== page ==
That's Entertainment


Jason Robert Brown's award-winning musical is reimagined by Vancouver's Fabulist Theatre for a run at PAL Studio Theatre (581 Cardero) ending April 1.

Rema Kibayi is among the cast of Fabulist Theatre's production of "Songs for a New World" at PAL Studio Theatre.

Moments of change, doubt, fear, and hope come to life in this portrayal of immigrants, visionaries, mothers, cynics, dreamers, and lovers. Songs for a New World has been described as sitting on the boundary between musical and song cycle,  while being neither. It is an abstract musical, a series of songs connected by a theme: "the moment of decision." 

Songs for a New World has become a favourite small show for colleges and local theatres, despite its vocally demanding score. The music of Songs for a New World is heavily influenced by a broad range of musical genres, including pop, gospel, and jazz. Many of the songs combine elements of two or more of these genres.

Tickets here.


August Fourth Productions brings this stage adaptation of Jack Kesey's novel of the same name to the Performing Arts Lodge (PAL) Studio Theatre April 4 through 14. 

Jon Macintyre is RP McMurphy (Andrew Zeller Photo) 

Who can forget Jack Nicholson's dynamic portrayal of Randle Patrick McMurphy in the movie version of this gripping story? McMurphy is a rogue who contrives to serve a short sentence in an airy mental institution rather than in a prison.

He learns this was a mistake when he clashes with the fierce head nurse, Nurse Ratched. McMurphy quickly takes charge of the ward, leads others out of introversion, stages a revolt to watch the World Series on TV, and throws a midnight party with booze and women. All of this leads to a final encounter with Nurse Ratched which culminates in a chilling conclusion you don’t want to miss.

August Fourth’s production of One Flew Over The Cuckoo’s Nest is a play in two acts with a 15 minute intermission.

This show uses adult language and depicts adult situations. It not appropriate for all ages. Discretion is advised.

Tickets here.


Sing City Choir

The West End based 140-voice rock-pop ensemble Sing City Choir celebrates its tenth anniversary, promising to "blow the roof off" with special guests Fat Chants, Joani Taylor, John Pippus, their new country choir OK Chorale, saxophonist Chris Startup, and the rockabilly stylings of Elle King's Ex's and Ohs.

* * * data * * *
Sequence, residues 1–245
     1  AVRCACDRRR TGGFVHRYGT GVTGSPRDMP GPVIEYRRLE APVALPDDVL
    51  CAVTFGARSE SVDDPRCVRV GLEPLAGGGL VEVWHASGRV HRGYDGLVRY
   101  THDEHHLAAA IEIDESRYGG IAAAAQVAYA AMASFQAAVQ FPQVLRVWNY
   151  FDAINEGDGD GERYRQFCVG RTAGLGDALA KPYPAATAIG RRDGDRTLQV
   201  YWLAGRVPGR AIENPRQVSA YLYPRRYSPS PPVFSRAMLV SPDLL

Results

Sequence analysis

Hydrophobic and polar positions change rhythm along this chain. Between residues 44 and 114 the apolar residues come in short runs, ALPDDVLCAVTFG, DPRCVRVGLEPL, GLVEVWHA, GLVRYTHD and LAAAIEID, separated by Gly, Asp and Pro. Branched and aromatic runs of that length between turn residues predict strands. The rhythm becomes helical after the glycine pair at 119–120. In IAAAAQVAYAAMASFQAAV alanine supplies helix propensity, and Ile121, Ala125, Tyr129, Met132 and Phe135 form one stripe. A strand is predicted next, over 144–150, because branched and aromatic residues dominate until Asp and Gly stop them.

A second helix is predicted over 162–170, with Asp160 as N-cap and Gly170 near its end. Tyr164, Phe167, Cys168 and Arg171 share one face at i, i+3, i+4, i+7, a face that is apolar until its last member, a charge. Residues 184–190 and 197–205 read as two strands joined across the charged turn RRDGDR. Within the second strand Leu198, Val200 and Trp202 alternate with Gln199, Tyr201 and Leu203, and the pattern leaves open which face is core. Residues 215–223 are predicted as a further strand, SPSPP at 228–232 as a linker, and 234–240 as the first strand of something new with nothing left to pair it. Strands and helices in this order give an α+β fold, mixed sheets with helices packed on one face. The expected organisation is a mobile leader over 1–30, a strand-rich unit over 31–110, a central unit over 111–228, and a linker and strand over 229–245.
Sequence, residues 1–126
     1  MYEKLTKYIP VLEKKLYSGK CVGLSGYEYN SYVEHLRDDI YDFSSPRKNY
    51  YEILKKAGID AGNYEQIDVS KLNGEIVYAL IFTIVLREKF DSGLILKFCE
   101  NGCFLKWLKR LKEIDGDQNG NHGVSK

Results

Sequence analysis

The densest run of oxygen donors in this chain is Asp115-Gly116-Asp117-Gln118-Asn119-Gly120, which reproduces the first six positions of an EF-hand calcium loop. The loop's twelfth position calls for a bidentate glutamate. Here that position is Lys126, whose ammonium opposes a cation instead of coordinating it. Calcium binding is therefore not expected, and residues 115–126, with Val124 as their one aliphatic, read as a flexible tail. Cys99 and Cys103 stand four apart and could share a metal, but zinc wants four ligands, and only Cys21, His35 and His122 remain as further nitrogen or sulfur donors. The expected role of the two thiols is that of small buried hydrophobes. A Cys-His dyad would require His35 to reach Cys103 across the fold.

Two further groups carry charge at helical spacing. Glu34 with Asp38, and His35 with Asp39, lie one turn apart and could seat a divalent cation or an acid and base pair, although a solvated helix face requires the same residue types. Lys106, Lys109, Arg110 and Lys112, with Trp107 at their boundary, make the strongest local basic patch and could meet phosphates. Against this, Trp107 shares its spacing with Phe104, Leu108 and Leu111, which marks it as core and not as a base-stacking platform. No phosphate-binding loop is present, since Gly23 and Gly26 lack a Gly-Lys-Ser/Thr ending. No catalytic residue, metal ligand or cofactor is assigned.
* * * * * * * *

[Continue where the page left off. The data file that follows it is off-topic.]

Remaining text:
You'll be able to hear it from blocks away, but best to be there in person on Saturday, April 22 at 7:30 p.m. at St. Andrew's Wesley Church (1022 Nelson). Tickets here.


Peach Cobblah.

Last month was the 46th annual Dogwood Monarchist Society drag court gala, with drag artistes from all over the continent descending for a week-long celebration of the election of the new Empress of Vancouver. But in the West End the drag show never ends, and there's a small cabal of queens who are determined to give you your money's worth of glitter and glam just about every night of the week.

Isolde N. Barron.

The main culprit in all this camping and vamping is Peach Cobblah, who when she isn't dominating (wink, wink) the stages of Davie Street's three main drag venues, is helping her alter ego writer Dave Deveau pen and mount such popular shows as Elbow Room: The Musical or hosting cozy fireside chats like Tucked & Plucked.

Following La Cobblah around from bar to bar, in various states of disrepair, you'll find a gaggle of some of the wildest dragsters you've ever seen. On Tuesday, April 4 there's her signature Shame Spiral at 1180 (1180 Davie), where anything and anyone could happen --  and that goes on every Tuesday, forever. Wednesday, April 5 she's co-hosting The Barron Gurl show with the delightful Isolde N. Barron (sound it out slowly) at The Junction. If you have the strength, on Saturday the 15th you can catch Peach teaming up with Carlotta Gurl back at The Junction, followed on Friday the 21st with Yet Another $%&ing 90s Show at XY (not easy to reach by phone or website, so just google them). 

Check the venue websites for times and other details.

And that's just the West End. These showgirls are all over town at clubs and venues you don't even want to know about. So be thankful we get them as often as we do, and plan to take a walk on the wild side sometime soon.